On Tuesday, Guyana presented its closing arguments to the International Court of Justice (ICJ), on the preliminary objections raised by Venezuela on the validity of the October 3, 1899 Arbitral Award.
In his closing remarks at the Court in The Hague, Netherlands, Guyana’s agent in the case Carl Greenidge said that Venezuela’s arguments in support of its preliminary objections have been long on ‘allegations and rhetoric’ and ‘short on substance.’
Greenidge believes that Venezuela is seeking to stall the court’s ruling on Guyana’s claims that the 1899 Award is valid and that Essequibo belongs to Guyana.
“One thing, however, is abundantly clear, Venezuela really does not want this Court to determine the merits of Guyana’s claims…one cannot escape the conclusion that it is a desire to continue perpetuating a falsehood, rather than a desire to expose and vindicate the truth, that underlies Venezuela’s hostility to the Court hearing Guyana’s claims,” he said.
Instead of proceeding to determine the merits of Guyana’s claims, Venezuela urges the
court to decline to exercise its jurisdiction so that the dispute between the parties could be resolved through a process of negotiation.
“All previous efforts to resolve the controversy through mediation or negotiation… [they all] have failed…The only hope of a resolution of the controversy lies in a binding and final determination of Guyana’s claims by this Court,” Greenridge asserted.
He affirmed Guyana’s complete faith and confidence that the Court will proceed to adjudicate those claims independently, impartially and in accordance with international law.
Guyana’s legal team, Professor Pierre d’Argent and Professor Philippe Sands also offered their closing arguments in the case.
In its arguments, Venezuela claimed that the Arbitral Award is invalid because of ‘the fraud committed by the United Kingdom (UK) in the arbitration.’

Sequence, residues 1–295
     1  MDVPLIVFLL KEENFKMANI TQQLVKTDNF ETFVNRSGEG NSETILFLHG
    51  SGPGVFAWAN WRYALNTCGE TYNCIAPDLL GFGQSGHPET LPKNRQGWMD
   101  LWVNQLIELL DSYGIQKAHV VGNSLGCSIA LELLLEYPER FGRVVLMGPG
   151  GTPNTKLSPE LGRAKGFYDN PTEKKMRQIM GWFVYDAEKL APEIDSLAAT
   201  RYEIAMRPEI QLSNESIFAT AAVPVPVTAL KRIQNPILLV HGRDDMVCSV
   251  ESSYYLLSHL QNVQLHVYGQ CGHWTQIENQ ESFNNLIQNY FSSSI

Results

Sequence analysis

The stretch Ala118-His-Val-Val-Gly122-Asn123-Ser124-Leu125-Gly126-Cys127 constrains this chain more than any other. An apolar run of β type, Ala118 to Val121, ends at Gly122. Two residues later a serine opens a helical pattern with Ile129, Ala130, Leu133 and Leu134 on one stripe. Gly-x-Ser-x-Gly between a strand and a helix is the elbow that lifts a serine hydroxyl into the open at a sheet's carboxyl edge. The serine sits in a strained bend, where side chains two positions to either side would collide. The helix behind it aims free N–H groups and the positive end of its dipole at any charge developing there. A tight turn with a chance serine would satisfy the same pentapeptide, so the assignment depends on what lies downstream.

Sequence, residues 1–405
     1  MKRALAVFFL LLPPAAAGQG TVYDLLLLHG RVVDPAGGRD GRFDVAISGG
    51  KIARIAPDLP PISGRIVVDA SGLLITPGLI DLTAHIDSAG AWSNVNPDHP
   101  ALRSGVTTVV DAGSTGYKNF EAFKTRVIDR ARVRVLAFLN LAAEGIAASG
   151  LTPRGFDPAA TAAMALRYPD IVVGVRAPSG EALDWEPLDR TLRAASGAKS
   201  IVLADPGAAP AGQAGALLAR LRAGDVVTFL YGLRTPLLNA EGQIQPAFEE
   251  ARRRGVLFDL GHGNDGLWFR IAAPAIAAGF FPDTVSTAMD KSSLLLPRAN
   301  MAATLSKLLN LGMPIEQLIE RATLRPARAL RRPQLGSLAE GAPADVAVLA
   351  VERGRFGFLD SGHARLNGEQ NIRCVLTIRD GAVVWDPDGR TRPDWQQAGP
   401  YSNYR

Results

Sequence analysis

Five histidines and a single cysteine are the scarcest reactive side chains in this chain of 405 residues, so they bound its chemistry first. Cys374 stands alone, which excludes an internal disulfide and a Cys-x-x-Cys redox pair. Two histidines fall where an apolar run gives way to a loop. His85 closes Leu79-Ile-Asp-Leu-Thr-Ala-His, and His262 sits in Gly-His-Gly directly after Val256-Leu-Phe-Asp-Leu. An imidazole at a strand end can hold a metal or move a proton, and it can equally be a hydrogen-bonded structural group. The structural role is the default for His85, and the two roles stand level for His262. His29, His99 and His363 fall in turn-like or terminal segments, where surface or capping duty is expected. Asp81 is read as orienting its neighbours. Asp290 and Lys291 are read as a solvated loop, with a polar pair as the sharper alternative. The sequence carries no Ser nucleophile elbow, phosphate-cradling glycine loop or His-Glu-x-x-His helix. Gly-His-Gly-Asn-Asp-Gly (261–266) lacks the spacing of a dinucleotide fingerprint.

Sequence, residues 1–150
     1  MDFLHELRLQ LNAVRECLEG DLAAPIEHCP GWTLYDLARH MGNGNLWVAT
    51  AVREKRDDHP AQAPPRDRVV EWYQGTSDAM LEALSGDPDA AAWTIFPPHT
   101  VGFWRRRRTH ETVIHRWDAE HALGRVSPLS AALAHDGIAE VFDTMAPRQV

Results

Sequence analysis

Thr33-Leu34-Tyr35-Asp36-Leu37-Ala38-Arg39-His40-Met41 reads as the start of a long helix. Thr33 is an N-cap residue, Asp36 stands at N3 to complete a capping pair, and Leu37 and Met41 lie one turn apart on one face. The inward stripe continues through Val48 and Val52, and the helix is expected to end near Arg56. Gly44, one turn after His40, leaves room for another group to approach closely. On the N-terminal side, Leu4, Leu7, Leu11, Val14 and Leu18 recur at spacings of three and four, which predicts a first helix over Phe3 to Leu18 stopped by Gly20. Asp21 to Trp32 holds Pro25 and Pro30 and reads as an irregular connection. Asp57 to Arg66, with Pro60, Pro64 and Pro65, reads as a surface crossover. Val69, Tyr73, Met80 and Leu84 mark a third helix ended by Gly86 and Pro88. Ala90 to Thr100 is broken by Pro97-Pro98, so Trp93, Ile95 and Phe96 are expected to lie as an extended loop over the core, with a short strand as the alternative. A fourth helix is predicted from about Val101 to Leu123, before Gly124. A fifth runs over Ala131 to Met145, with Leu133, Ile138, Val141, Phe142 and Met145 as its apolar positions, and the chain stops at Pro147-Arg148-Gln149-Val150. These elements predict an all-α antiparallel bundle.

In rejecting Venezuela’s claims, Professor Sands said the Spanish-speaking country has offered no evidence of any misconduct or wrongdoing by any arbitrator.
“Venezuela’s burden is to prove that one or more of the arbitrators engaged in inappropriate contact with counsel, and this is what influenced the Award. It has offered no evidence to support such an argument, nothing,” he told the court.
Professor Sands added, “Venezuela offers no authority whatsoever for the proposition that the conduct of a party in arbitral proceedings can, of itself, taint an arbitral award. We are not aware of any case of an arbitral award being set aside merely because of the conduct of a party or of its counsel.”
Even if there is misconduct, Professor Sands said the Court’s role in the case is limited to the validity of the Arbitral Award which is the very subject matter of the dispute.
“A finding of misconduct by arbitrators may require factual findings in relation to acts attributable to the United Kingdom, but not any legal findings in relation to the responsibility of the United Kingdom,” he explained
With oral arguments on the preliminary objections filed by Venezuela completed, the Court will issue a judgement subsequently. That judgement is expected to detail whether the ICJ believes it should preside over the claims brought by Guyana.
The border case between Guyana and Venezuela arose after the latter contended that the Arbitral Award of 1899 was null and void. The controversy is currently before the ICJ where Guyana is seeking a final judgement to uphold the 1899 Arbitral Award.
The ICJ on December 18, 2020, ruled it had jurisdiction to hear the case and rule upon the validity of the Arbitral Award and its legal consequence on both States. The ICJ then ordered that Guyana file its Memorial on the merits of its case against Venezuela.
Guyana filed its Memorial on March 8, 2022. Venezuela subsequently filed preliminary objections on June 7, 2022, to the admissibility of Guyana’s Application to the Court to determine the validity of the 1899 Arbitral Award.
In accordance with its rules, the Court suspended the proceedings on the merits until the determination by the ICJ as it relates to Venezuela’s preliminary objections. Venezuela refused to participate in those legal proceedings. (Extracted from the Department of Public Information)